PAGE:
Road Trip from Wales to a Festival in Belgium
(Snowdonia, North Wales)
Driving Long Distances
There was a festival calling our name in Belgium, Dunkfest. We live in Wales so it was a big adventure if we commited to it. Myself and my partner are used to driving long distances, so it was something we thought we could achieve in our little Fiat Panda.
The festival was in May and just 45 minutes west of Brussels. So whichever way we approached it we would be aiming for Brussels and just turning off before hand to make our way to this little festival. In total it would be a round trip of 1600km from our little village in North Wales to the festival in Belgium, from one beautiful part of the world to another.
First things first, if you want to travel from or to the United Kingdom
you will need to go via the Euro Tunnel. This way we can take our own car for relatively cheap from the UK in to Europe and arrive in Calais, France. The dates of the festival were set in stone so we had plenty of notice and we planned to arrive in Calais via the Euro Tunnel the morning before the festival opened. Google Maps had suggested we would get there just 3.5 hours after arriving in Calais, perfect we thought!
We had to work out how long it would take us to get to Folkestone in southern England, where the tunnel departs and enters the mainland on the British Isles. Because of our early start the day of the festival, the only real choice would be to stay somewhere cheap the evening before to get a decent nights sleep. We had a 7 hour drive from home to Folkestone on British roads so we would have to leave before mid day as to not arrive too late for our stay.
We had booked our tickets for the Eurotunnel, it was about £130 return for our car and two passengers, if you are going with a group it will make it even cheaper. Our return was at 10am the day after the festival finishes, being only 3+ hours from the tunnel we booked it early and would just have a short sleep on the final night.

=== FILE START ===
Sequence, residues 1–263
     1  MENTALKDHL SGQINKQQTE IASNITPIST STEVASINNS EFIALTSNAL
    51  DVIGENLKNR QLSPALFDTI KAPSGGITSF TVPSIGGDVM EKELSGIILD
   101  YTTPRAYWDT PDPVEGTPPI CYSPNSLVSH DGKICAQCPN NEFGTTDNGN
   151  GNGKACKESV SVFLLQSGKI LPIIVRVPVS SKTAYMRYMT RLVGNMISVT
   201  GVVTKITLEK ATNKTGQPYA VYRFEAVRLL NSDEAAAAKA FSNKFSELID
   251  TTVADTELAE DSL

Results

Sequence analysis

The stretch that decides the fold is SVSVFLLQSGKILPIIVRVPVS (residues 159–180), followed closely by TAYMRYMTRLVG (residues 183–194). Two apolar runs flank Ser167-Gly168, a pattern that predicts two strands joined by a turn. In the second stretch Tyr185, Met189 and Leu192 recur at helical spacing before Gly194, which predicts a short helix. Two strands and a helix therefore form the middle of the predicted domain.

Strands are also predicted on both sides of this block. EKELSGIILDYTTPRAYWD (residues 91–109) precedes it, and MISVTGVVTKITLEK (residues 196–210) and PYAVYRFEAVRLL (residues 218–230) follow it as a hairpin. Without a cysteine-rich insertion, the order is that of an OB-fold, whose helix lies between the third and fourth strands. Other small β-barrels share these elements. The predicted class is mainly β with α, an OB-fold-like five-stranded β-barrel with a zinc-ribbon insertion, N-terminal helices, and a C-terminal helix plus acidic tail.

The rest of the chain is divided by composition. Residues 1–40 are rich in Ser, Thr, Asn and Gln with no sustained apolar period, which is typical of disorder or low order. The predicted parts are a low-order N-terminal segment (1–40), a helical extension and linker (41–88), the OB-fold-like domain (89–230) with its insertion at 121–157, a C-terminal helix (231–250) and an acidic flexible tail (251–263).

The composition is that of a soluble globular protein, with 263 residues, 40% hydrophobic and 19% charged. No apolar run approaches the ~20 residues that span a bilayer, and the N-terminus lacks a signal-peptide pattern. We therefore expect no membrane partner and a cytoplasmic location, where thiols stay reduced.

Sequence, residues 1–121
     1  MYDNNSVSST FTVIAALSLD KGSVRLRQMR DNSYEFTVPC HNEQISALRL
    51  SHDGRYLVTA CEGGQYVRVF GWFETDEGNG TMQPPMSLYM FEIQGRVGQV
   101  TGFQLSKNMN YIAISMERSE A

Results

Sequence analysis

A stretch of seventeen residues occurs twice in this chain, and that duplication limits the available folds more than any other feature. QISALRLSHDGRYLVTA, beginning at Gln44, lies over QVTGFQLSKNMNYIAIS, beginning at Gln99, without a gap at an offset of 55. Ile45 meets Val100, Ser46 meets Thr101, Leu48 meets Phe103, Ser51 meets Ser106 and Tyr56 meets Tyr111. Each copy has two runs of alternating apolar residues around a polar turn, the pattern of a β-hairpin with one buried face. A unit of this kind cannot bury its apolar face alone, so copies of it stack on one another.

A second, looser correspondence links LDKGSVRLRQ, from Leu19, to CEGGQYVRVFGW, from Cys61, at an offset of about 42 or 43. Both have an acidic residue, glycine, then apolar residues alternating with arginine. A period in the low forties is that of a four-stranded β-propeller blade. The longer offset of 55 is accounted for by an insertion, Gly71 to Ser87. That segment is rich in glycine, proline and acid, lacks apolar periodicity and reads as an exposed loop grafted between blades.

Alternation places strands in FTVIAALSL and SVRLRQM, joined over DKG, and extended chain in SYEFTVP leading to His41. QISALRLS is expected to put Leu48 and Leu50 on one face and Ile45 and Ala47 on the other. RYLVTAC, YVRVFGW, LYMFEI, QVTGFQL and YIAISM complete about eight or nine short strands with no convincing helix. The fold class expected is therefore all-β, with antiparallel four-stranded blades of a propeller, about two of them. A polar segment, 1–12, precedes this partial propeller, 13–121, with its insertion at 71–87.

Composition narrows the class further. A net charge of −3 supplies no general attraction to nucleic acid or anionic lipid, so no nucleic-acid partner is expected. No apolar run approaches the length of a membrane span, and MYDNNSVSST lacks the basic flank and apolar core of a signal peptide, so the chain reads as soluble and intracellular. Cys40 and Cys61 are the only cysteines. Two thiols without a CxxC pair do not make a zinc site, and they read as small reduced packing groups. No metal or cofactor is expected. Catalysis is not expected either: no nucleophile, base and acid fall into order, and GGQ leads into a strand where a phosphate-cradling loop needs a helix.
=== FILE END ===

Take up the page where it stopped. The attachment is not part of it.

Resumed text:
Preparing for our little adventure wasn't too hard. We had to get our camping equipment ready, a few changes of clothes, the weather looked great so shorts and t-shirts at the ready, sunscreen and a quick recce of where we can do a food and drink shop in the nearest town to the festival. We were very lucky with the festival being so small, it takes 2 minutes to walk from your tent to your car and you can exit within another minute, meaning if you needed to leave for something important, this wasn't a problem.
The most important things we would need for our trip was organising the paperwork and items we needed, both for the crossing and stay at the festival, preparing the car and making sure we had decent food for the long journey. First things first was to make sure our car was ready, we would check the oil, the water, tyres, and that our car was clean, a car hoover
finished the job off and got our car interior ready for packing. This was a vital part of the process, once we'd packed we knew exactly what we had in our car and everything could be seen.
What things would we need to pack in the car?
- Passports, we're travelling from the UK to France and then in to Belgium
- Eurotunnel booking paperwork, this shows our outbound and return trips
- Festival camping equipment
- Clothing for 5 days
- Washbag and microfibre towels
- Cards and euros for when we arrive
- Phone and solar chargers
As well as these items one of the most important things we have ever done whilst travelling is to put Maps.me
on our phone well before our adventure and pin it with our locations of interest, in this instance we pinned the festival after downloading the Belgium and south England maps.
Once we had everything ready, we dropped our little dog off to get looked after during our time away and went on our way.
We have driven tens of thousands of miles across all parts of the UK so it was pretty self explanatory to get to Folkestone, we just had to divert some of the congestion around London and the South West of England as we headed to Folkestone. We got to our first destination around 9pm on the evening before our trip under the water. We had a decent sleep and woke up early at 6.30am to get some breakfast and get our 8.15am journey over the Euro Tunnel.